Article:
$$\begin{aligned} \mu = \theta + \frac {\sigma ^{2}}{2\kappa } -\frac {c}{\kappa }. \end{aligned}$$
(2)

Since the VA contract guarantees the minimum accumulation benefit, the insurer will provide

$$\begin{aligned} \max (F_{T},G ), \end{aligned}$$

where G is the guarantee level and constant, to the policyholder at the maturity T.

Similar as in Bernard et al. [1], we assume that the policyholder is able to surrender the VA contract at any time t before the maturity T. Then the surrender benefit of the VA contract is equal to

$$\begin{aligned} e^{-p(T-t)} F_{t}, \end{aligned}$$

where \(p \ge 0\) is the constant penalty rate.

Remark 1

There are several types of surrender benefit. In [1], the surrender benefit is defined as \(e^{-p(T-t)}F_{t}\), whereas in [14] the surrender benefit is defined as \(e^{-p(T-t)}\max \{F_{t},G\}\). We adopt the surrender benefit in [1].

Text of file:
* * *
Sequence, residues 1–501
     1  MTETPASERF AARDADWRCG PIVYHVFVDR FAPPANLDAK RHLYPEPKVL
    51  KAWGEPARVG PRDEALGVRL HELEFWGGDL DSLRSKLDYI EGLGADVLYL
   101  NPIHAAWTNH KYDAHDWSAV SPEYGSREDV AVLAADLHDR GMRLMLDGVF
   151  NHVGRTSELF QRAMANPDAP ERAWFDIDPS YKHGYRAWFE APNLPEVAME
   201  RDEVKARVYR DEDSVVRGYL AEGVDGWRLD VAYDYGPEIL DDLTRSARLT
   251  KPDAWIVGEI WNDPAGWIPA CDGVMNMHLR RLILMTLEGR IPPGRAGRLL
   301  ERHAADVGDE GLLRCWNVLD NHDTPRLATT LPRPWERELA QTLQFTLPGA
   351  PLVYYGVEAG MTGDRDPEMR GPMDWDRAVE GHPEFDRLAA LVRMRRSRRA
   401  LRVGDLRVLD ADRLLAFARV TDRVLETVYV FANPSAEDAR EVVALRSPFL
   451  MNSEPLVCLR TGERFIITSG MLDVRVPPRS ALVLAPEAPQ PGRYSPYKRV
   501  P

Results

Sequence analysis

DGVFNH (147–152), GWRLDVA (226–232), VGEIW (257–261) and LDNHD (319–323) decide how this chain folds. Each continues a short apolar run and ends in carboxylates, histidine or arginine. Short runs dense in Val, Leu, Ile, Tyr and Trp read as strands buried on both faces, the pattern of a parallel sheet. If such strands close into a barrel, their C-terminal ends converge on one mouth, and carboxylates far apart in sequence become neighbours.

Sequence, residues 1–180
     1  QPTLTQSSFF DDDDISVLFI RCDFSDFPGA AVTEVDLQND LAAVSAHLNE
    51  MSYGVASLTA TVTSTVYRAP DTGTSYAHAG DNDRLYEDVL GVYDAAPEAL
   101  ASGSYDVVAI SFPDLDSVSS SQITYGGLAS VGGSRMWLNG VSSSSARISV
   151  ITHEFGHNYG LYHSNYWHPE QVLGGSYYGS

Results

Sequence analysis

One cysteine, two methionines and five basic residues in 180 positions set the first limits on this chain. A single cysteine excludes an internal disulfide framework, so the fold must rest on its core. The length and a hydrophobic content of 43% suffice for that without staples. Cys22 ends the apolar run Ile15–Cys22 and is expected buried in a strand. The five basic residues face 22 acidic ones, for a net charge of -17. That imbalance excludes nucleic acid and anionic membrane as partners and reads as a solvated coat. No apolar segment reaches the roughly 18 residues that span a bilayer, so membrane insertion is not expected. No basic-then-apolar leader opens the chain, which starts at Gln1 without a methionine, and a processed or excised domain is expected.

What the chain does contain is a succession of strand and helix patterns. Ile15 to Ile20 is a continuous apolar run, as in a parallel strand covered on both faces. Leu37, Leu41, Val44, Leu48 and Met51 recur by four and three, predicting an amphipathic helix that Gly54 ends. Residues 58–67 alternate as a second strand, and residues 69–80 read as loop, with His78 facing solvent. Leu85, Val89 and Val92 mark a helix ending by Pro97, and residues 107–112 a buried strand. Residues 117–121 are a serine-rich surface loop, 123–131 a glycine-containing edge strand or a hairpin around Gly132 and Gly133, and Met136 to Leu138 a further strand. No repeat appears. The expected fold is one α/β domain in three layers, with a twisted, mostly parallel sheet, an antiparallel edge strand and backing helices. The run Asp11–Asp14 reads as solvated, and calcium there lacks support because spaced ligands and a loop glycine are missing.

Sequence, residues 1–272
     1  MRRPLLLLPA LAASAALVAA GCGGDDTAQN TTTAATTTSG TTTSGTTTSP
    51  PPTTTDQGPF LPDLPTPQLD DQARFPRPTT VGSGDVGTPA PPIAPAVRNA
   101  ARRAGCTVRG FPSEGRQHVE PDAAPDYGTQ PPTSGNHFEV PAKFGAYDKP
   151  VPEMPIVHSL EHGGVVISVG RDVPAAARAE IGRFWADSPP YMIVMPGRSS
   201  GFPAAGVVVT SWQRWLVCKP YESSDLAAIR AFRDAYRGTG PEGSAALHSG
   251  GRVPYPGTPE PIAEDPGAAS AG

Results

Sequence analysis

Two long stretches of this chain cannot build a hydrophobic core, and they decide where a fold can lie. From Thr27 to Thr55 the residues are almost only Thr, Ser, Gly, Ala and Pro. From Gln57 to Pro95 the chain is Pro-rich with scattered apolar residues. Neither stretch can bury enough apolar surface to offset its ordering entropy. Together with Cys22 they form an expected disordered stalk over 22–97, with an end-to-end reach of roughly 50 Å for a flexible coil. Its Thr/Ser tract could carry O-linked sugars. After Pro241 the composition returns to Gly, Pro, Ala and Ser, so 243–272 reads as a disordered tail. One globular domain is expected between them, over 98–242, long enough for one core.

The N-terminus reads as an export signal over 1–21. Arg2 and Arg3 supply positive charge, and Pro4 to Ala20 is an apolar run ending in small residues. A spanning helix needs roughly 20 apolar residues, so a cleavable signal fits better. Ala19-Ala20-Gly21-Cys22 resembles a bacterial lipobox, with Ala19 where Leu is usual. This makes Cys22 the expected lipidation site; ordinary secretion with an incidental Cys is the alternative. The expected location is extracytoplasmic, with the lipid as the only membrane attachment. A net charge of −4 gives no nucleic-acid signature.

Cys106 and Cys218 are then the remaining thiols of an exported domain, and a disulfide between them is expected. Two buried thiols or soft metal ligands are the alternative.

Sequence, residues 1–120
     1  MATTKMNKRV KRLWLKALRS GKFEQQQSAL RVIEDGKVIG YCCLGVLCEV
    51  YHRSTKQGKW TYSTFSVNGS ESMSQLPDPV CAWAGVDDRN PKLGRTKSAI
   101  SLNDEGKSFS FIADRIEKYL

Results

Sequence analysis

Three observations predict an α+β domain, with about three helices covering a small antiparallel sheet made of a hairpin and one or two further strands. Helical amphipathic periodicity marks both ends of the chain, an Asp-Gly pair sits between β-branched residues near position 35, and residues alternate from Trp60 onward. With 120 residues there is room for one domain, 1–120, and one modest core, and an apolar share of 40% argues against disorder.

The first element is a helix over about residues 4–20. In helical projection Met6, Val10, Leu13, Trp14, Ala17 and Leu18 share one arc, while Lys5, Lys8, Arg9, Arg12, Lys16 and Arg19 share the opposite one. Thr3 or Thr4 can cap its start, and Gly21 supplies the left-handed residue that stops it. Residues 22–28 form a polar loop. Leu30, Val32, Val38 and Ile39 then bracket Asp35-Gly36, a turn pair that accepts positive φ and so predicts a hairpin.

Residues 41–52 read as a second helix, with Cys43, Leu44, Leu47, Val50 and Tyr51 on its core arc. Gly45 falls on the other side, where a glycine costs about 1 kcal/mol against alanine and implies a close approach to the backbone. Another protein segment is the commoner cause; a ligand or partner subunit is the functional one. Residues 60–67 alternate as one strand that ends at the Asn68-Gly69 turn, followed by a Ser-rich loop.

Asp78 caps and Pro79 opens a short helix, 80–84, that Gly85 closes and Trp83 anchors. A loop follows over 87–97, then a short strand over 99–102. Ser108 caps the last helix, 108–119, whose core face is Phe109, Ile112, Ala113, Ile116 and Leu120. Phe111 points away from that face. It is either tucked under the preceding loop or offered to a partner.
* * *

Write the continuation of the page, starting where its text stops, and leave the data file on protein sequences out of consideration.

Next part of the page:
Let \(V(t,F_{t})\) be our VA contract’s value at time t before surrender. Then the value \(V(t,F_{t})\) of the VA contract is written as the following optimal stopping problem.

Problem 1

Under the risk-neutral measure \(\mathbb{Q}\), the value \(V(t,F_{t})\) of the VA contract with surrender benefit \(e^{-p(T-t)} \max (F_{t}, G )\) is given by

$$\begin{aligned} \begin{aligned} V(t,f) =\sup_{\theta \in \mathcal{S}(t,T)} \mathbb{E}^{\mathbb{Q}} \bigl[ e^{-r(\theta -t)} \bigl(e^{-p(T-\theta )}F_{\theta}{ \mathbf{1}}_{ \{\theta < T\}}+\max (F_{T},G){\mathbf{1}}_{\{\theta =T\}} \bigr) | F_{t}=f \bigr], \end{aligned} \end{aligned}$$
(3)

where \(\mathcal{S}(t,T)\) is the set of all \(\mathcal{G}\)-stopping times taking values in \([t,T]\) and \(\mathbb{E}^{\mathbb{Q}} [\cdot | \mathcal{F}_{t} ]\) is the conditional expectation under the risk-neutral measure \(\mathbb{Q}\).

3 Optimization problem with variational inequality

By a standard approach for the optimal stopping problem (see Peskir and Shiryaev [37]), the value function \(V(t,f)\) solution to Problem 1 satisfies the following variational inequality: